We are left, as a result, trying to scrabble together a picture from random data-points contained in a diversity of sources, ranging from newspaper coverage to poor relief documents to institutional registers. Consequently, firm conclusions are difficult to reach, particularly in terms of quantitative information like, for example, the overall size of the Scottish diaspora south of the border.
Where did Scots settle?
Nonetheless, enough information is available to suggest some broad trends. For example, scattered small-scale studies conducted at the time imply that about 6% of London’s population was Scots-born by the 18thcentury, which would suggest up to 35,000 London-Scots in 1700 and closer to 60,000 by 1750 – figures (admittedly tentative) that imply a migration from Scotland to England as a whole numbering in the hundreds, rather than tens, of thousands. Equally, while quantification is impossible, it seems fairly clear that Scottish settlement was not evenly distributed.
No part of England was completely terra incognitafor 17th- and 18th-century Scots, and at least one migrant has been identified settling in every county. But some areas were less popular; the Midlands, for example, yield little evidence of Scottish settlement, as do East Anglia and Cornwall.
Conversely, substantial numbers of Scots certainly made their way to the northern counties, particularly Northumberland and Yorkshire, and there seems to have been a sizeable Scottish presence in the Gloucestershire area. In each of these cases, it was apparently the towns that drew Scots in; Berwick, Newcastle, Hull, Bristol and other urban centres housed the bulk of the Scottish community within their respective locales.
Scots in London
The primary target for Scottish migrants, however, was London. This is hardly a surprise because, even though the position of the capital may have been declining relative to other English towns during the early part of this period, it remained easily the largest, richest and most diverse city anywhere in Britain or Ireland. It was thus a magnet for upwardly-mobile migrants of all extractions, and the Scots were no different.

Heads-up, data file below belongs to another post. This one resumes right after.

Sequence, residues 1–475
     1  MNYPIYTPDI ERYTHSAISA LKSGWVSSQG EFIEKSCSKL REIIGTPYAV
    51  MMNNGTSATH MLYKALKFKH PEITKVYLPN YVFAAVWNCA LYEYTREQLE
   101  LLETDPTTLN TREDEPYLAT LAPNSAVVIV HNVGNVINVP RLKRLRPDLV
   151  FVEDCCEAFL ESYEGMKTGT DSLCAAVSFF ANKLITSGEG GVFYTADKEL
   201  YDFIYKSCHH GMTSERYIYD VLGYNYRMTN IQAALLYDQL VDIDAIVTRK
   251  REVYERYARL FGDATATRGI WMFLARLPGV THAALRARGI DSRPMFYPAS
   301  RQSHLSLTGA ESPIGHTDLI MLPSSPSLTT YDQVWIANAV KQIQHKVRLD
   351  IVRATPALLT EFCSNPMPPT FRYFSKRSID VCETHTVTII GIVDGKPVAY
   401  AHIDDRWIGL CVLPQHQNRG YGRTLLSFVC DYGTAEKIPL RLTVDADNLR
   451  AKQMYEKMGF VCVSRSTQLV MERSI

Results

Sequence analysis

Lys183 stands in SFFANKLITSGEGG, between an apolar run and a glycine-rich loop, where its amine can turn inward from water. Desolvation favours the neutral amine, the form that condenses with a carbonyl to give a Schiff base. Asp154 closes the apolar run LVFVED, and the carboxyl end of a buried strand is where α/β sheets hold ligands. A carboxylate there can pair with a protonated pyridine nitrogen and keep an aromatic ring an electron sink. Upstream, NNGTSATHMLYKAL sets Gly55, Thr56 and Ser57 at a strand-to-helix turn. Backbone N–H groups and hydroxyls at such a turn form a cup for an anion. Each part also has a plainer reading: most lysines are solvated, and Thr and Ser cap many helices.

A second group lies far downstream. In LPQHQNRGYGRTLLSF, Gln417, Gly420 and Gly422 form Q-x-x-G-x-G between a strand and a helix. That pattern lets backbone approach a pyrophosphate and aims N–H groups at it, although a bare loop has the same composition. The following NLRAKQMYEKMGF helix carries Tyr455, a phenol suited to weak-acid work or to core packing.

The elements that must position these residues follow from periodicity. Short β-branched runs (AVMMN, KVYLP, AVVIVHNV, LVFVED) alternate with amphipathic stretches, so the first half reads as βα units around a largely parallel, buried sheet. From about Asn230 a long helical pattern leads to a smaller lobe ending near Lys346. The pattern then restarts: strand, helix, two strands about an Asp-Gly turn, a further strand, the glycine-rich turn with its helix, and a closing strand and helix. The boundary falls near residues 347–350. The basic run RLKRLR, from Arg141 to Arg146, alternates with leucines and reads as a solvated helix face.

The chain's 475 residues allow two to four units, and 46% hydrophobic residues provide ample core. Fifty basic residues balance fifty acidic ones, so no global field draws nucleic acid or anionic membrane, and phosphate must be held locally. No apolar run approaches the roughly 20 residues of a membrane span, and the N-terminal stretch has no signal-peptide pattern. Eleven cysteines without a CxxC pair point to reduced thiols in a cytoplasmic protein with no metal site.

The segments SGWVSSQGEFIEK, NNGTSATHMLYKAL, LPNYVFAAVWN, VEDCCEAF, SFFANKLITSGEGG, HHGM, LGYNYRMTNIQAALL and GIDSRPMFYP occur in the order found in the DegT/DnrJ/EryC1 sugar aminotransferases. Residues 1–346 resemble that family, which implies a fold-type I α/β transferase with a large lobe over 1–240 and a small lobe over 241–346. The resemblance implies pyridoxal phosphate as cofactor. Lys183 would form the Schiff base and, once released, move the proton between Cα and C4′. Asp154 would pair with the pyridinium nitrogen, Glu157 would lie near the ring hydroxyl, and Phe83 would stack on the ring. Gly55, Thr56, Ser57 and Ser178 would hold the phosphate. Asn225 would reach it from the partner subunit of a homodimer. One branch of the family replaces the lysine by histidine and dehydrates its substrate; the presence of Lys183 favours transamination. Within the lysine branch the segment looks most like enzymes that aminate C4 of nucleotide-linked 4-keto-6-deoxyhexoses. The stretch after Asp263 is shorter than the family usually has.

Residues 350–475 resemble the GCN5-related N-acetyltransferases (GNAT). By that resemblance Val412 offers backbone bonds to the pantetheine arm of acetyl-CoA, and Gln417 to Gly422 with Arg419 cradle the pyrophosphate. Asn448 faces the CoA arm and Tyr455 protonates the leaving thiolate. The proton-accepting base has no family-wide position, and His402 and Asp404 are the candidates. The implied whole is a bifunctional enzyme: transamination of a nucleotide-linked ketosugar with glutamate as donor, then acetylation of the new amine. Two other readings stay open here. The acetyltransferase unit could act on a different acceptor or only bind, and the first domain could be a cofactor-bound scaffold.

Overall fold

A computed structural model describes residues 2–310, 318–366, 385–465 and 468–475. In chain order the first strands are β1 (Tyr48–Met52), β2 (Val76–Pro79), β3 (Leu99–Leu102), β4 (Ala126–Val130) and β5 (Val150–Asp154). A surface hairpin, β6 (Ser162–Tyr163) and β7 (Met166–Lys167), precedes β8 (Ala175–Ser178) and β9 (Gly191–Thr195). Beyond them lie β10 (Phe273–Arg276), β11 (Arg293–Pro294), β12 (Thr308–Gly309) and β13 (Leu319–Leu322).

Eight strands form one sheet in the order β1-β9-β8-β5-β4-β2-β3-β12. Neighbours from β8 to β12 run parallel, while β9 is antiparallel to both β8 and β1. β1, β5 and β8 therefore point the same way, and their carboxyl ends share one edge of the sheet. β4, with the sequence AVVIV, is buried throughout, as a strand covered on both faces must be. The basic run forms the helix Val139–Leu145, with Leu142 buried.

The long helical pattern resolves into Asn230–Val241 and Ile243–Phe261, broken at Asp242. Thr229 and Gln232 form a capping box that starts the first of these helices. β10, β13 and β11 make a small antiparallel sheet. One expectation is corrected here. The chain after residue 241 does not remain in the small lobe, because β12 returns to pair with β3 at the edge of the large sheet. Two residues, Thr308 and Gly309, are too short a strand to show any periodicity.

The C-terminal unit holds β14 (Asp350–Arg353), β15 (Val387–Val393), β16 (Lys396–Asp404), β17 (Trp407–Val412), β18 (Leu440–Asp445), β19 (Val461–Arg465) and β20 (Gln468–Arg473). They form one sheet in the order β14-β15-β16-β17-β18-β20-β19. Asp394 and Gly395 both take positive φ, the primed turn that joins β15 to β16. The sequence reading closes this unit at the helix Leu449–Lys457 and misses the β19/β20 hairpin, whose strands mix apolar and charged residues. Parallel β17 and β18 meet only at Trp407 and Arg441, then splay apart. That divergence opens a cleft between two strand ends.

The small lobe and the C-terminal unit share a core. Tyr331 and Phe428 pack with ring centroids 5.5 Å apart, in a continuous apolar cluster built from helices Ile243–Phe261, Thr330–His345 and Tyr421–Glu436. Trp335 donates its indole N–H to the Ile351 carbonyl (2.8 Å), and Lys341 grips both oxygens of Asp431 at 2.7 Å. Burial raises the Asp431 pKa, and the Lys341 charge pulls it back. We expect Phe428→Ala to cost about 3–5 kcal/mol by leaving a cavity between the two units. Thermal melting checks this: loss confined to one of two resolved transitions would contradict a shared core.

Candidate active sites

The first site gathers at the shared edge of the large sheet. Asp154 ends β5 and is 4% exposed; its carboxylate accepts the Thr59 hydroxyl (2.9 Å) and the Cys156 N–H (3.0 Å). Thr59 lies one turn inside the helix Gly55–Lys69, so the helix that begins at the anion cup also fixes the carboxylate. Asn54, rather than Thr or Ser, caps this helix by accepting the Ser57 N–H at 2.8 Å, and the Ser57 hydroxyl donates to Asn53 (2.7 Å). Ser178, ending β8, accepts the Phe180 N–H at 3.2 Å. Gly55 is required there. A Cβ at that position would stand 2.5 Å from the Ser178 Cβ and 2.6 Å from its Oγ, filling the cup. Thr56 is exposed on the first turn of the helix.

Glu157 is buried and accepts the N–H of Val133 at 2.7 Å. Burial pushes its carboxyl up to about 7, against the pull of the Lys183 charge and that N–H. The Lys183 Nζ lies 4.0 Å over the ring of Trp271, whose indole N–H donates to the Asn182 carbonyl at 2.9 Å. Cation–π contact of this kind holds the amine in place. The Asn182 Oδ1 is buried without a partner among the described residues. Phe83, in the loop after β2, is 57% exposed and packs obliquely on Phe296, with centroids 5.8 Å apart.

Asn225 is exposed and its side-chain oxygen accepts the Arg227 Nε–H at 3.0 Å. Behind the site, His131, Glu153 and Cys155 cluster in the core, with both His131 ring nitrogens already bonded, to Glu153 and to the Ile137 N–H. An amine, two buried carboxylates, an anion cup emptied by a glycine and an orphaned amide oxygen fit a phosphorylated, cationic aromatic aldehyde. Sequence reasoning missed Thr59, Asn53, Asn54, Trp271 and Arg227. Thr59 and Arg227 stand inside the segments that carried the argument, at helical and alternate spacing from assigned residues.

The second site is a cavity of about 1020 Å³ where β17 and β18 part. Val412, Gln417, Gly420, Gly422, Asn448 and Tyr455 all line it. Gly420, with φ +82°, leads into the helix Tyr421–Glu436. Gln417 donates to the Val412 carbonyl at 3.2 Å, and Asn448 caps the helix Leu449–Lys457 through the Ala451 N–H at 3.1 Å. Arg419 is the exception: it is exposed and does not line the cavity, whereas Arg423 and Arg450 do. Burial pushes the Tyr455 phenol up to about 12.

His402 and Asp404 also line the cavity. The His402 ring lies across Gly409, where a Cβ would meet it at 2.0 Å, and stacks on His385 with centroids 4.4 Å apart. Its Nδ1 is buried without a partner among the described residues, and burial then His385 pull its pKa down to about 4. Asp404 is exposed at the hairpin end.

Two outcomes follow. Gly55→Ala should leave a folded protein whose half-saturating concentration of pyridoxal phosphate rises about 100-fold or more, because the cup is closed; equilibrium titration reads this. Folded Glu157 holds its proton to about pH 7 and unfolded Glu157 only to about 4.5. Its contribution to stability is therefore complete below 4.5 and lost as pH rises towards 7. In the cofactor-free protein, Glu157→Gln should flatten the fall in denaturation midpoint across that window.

Indeed, if the estimates offered above are even in the correct ballpark, they suggest that there were probably more Scots living in 18th-century London then in any other town or city in the world, with the exception of Edinburgh. The Scots were abundant enough to begin developing a distinct settlement geography; while it would be wrong to speak of Scottish ghettoes in this period, parts of the city – such as the Strand or St Martin the Field – were particularly thickly settled with Scots.
London was unique among English cities in that there were sufficient Scots for recognisable ethnic institutions to emerge, albeit at low intensity. The Scots Corporation, formally founded in 1665 but building upon much earlier foundations, was the most obvious example, and it occupied itself with offering charitable assistance to down-and-out London-Scots from its headquarters at Blackfriars. There were a number of Scottish Presbyterian congregations affiliated with the Church of Scotland, with the most important emerging at Lothbury in the 1660s.
These formal linkages were reinforced, as we will see in part two of this study, by a good deal of informal networking, all of which helped London become the most significant city within the Scottish diaspora – a fact which has major, although hitherto curiously overlooked significance for our understanding of both Scottish and British history in the early modern period.